Midlife Crisis & Transition Psychotherapy Counselling | Oakville, Mississauga, Burlington
The second half of life is different. In the first half, most people are striving to become productive, independent and respected members of the society. By the middle of life, many individuals are conscious that life does not last forever. This leads individuals to prize every day and to seek the very most they can get out of every bit of living.
In the second half of life, starting at mid-life, the focus becomes very individual. What, at this stage in life, is meaningful to me? The concern is not so much to please others, or to gain the respect of others, as it is to be true to oneself.
The Feelings and Concerns of the Second Half of Life
For the individual entering midlife transition and the second half of life, many (sometimes conflicting) feelings may arise. To the midlife individual, caught up in the routine of work, family and possibly elder care, life may seem joyless and flavourless. Professional roles, perhaps once hard fought for, can now seem routine, stale and even meaningless. Today, older individuals may feel that work is much more demanding than they would wish.
Similarly, key relationships may become problematic, seem to offer little, and even get in the way. Individuals, often for the first time in their lives, may need to seriously ask themselves whether they need to leave a relationship, whether it can possibly be made to work. This is the very stuff of midlife transition — or even midlife crisis.
Midlife individuals often face complex, conflicting emotions. On the one hand, there may be strong regret, and wondering, “Has it all been worth it?” Simultaneously, the individual may wonder, “What do I want to do, or to be, for the rest of my life?” Often, creative desires emerge or re-emerge, and a hunger for new, or quality, experiences. All in conjunction with anxiety about the future, and only limited time to plan, while yet feeling the urgency of doing so.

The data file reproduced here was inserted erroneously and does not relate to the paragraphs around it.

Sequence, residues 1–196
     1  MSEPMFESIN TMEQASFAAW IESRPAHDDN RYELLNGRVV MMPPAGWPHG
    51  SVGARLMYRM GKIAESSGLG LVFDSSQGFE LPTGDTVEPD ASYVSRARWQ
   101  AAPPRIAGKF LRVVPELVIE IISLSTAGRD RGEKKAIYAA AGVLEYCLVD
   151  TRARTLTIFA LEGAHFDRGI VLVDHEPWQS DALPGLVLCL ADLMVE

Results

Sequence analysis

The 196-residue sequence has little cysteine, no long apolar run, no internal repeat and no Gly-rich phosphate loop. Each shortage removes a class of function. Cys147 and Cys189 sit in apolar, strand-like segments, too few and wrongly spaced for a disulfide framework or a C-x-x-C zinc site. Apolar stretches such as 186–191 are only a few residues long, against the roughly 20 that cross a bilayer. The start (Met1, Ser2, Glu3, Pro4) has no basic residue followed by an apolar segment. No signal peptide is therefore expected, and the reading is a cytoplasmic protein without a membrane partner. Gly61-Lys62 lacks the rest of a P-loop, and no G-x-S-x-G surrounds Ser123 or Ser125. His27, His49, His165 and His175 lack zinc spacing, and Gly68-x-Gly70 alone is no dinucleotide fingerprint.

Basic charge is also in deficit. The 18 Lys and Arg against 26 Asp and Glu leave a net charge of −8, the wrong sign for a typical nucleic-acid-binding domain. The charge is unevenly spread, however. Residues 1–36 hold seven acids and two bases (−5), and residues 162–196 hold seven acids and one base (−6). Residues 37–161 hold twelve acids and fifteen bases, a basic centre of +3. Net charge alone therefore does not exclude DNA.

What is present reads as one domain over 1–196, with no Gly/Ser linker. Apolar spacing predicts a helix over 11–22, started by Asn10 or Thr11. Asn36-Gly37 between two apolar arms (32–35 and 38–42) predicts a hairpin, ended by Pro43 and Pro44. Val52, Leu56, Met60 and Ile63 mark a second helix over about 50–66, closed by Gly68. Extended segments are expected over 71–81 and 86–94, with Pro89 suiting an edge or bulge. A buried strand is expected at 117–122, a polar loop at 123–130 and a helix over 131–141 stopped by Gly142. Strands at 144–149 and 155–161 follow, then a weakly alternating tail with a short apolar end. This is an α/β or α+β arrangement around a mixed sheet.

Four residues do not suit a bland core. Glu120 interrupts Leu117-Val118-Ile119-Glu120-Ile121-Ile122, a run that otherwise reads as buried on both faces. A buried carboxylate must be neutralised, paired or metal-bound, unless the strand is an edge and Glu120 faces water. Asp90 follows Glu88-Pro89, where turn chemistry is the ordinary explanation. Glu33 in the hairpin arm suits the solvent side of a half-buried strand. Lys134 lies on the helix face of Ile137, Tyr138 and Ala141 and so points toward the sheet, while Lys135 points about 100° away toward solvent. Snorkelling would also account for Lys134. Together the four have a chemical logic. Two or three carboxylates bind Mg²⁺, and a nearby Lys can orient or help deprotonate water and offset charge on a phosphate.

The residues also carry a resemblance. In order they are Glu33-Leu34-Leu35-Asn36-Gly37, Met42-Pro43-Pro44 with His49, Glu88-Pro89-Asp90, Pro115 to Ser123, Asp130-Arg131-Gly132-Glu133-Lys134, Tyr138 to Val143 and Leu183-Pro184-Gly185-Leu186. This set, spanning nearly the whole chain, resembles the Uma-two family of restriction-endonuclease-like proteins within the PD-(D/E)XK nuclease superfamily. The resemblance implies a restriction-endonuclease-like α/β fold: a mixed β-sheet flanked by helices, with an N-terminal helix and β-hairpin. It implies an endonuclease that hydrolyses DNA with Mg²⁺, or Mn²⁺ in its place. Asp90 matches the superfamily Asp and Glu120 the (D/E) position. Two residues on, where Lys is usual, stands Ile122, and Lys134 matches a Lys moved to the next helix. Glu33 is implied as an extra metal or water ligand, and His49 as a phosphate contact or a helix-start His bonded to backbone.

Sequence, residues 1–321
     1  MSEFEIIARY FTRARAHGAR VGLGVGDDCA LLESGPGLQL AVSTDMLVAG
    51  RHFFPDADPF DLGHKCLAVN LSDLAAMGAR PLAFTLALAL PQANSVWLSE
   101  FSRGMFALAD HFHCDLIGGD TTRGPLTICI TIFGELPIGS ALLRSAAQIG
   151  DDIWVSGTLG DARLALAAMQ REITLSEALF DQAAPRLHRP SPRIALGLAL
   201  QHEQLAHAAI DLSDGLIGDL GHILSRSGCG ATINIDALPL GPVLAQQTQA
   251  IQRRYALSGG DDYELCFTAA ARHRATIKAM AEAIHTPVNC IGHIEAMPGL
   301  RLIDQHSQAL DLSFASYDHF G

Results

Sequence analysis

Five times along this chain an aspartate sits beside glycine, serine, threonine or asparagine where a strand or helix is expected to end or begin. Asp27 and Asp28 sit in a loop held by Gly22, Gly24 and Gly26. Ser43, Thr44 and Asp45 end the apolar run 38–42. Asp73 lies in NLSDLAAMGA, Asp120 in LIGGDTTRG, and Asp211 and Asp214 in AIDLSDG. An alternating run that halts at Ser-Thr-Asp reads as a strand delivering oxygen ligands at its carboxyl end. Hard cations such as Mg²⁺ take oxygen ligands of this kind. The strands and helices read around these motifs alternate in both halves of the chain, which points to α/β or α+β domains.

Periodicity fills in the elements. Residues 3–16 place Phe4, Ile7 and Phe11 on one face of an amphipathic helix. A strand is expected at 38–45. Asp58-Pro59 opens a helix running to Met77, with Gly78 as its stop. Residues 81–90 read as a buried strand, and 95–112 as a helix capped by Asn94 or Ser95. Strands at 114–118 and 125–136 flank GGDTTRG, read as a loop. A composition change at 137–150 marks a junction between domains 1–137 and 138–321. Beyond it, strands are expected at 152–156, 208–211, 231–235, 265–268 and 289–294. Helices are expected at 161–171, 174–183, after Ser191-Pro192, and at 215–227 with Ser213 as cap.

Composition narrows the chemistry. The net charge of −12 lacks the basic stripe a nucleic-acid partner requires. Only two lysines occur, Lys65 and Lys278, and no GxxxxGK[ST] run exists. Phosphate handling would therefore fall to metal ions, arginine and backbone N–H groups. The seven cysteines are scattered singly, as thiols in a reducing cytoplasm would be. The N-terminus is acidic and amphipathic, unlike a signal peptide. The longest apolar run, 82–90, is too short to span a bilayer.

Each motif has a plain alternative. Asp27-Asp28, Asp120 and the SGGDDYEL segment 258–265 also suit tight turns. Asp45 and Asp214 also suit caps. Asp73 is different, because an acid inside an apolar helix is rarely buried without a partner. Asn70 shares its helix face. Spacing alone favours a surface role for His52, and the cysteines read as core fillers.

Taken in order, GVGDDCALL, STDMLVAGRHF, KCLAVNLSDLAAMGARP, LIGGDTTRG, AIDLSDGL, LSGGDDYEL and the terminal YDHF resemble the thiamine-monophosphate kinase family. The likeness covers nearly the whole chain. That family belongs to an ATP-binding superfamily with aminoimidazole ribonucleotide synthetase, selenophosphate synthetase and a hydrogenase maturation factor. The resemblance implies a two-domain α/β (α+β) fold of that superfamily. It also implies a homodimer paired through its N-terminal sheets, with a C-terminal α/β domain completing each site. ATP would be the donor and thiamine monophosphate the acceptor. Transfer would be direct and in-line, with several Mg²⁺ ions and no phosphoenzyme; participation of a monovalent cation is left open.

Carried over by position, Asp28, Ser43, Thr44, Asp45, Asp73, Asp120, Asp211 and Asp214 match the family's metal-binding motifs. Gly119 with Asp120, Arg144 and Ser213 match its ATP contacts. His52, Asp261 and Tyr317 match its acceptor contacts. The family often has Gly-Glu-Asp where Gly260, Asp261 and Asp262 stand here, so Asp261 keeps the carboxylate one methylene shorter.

Midlife individuals yearn to get beyond a sense of stuckness, and to get clarity about the nature of their own personal direction in life. This includes moving into an increasing sense of acceptance of life as it is, and finding meaning through rich experiences, valuable relationships, and living out values that are fundamental to their natures. Individuals yearn to live in possibility, and the discovery that life still has much for them. They hope to find a way through life’s obstacles, to meaning.
Depth psychotherapy embodies a non-judgemental respect for the individual’s journey. When guided by a therapist who respectfully listens to a person’s real story, it can assist immensely in the midlife transition (or midlife crisis) and the second half of life.